Ethnobotany is the study of the history of plants, including the culture around them and their traditional uses. Cannabis ethnobotany is therefore the study of the history of cannabis, including itsmedical uses and socio-economic value.
Cannabis has a rich history that dates back thousands of years. The Lambert Initiative for Cannabinoid Therapeutics offers a general representation of cannabis history going from the first hints of the therapeutic potential of cannabis mentioned in emperor Sheng Nung’s pharmacopeia in 2800 BC, till the legalization of cannabis in California in 1996.
A study conducted published in 2020 highlighted the vital role of ethnobotany in conservation and sustainable development. 
Ethnobotany plays a key role in conserving biodiversity through the documentation and maintenance of the traditional knowledge of different plants. It covers the different ways and techniques that have been employed by communities to conserve plant resources.
Plants have been used as medicines for many years. Indigenous and traditional healers have studied and exploited the therapeutic potential of plants to treat diseases affecting their communities. Plants have also been used to boost immunity and hence prevent diseases. Modern scientists and researchers can tap into these ancient knowledge reserves to enhance their understanding of the therapeutic potential of plants.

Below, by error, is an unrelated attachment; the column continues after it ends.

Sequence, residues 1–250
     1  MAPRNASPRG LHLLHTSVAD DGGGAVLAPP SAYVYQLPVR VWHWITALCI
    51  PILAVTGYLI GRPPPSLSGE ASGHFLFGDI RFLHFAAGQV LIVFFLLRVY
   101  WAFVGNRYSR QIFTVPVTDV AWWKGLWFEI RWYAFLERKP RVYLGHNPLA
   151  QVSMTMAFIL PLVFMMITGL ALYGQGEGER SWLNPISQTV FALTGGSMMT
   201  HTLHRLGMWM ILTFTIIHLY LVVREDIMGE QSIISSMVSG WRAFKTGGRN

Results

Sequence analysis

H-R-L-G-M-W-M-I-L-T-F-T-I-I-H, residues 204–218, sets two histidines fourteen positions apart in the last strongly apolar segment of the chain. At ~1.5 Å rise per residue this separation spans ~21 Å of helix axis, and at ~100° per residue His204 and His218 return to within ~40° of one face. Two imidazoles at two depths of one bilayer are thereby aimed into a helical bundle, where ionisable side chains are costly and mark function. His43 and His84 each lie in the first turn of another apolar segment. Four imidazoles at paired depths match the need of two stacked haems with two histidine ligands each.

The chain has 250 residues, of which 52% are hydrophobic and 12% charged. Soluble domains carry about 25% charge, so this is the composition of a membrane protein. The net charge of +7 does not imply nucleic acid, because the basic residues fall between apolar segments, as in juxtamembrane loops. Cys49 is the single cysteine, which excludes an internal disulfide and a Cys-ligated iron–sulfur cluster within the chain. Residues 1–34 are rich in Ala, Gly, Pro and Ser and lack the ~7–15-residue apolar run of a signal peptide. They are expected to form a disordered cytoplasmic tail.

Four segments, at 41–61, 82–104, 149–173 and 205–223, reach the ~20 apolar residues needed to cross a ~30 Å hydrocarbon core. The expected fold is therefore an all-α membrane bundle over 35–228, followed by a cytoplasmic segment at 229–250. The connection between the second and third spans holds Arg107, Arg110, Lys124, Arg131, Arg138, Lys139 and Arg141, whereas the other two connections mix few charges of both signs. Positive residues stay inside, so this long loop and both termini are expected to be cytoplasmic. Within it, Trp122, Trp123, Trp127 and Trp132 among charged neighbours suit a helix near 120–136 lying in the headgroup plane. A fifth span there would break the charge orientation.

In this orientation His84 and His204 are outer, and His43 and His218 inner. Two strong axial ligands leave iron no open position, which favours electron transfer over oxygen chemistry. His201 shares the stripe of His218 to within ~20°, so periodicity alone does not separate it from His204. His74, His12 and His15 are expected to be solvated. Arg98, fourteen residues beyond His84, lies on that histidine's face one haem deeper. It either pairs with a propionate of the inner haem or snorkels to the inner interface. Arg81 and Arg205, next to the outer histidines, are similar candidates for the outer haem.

One ethnobotanical research by Liu et al.  showed that the use of herbal teas has been declining, leading to a loss of the related knowledge on its therapeutic potential. The researchers hope to reignite an interest in the ethnobotnical study of herbal teas so as to preserve the healing value and the priceless culture around its uses and rituals.
Ethnobotany also covers the traditional lifestyle associated with different plants as well as the economic value ascribed to them. The study of interrelation within human and plants is essential for human survival and to maintain a track of plants uses and varieties. The declaration of Kauai captures this well:
“Ethnobotany can strengthen our links to the natural world. It makes it possible for us to learn from the past and from the diverse approaches to plants represented by the different human cultures that exist today. Ethnobotany is at once a vital key to preserving the diversity of plants as well as to understanding and interpreting the knowledge by which we are, and will be, enabled to deal with them effectively and sustainably throughout the world. Thus ethnobotany is the science of survival”. 
 Pei, S. et al. Vital roles for ethnobotany in conservation and sustainable development. Plant diversity; (2020); 42(6), 399–400. [Journal Impact Factor: 2.528] [Times Cited: 2]
 Liu Y. et al. Plant diversity on herbal tea and its traditional knowledge in Qingtian County, Zhejiang Province, China. Plant Divers. (2020); 42:464–472. [Journal Impact Factor: 2.528] [Times Cited: 3]
 Prance G.T. Ethnobotany, the science of survival: a declaration from Kaua’i. Econ. Bot. (2007); 61:1–2. [Journal Impact Factor: 1.731] [Times Cited: 62]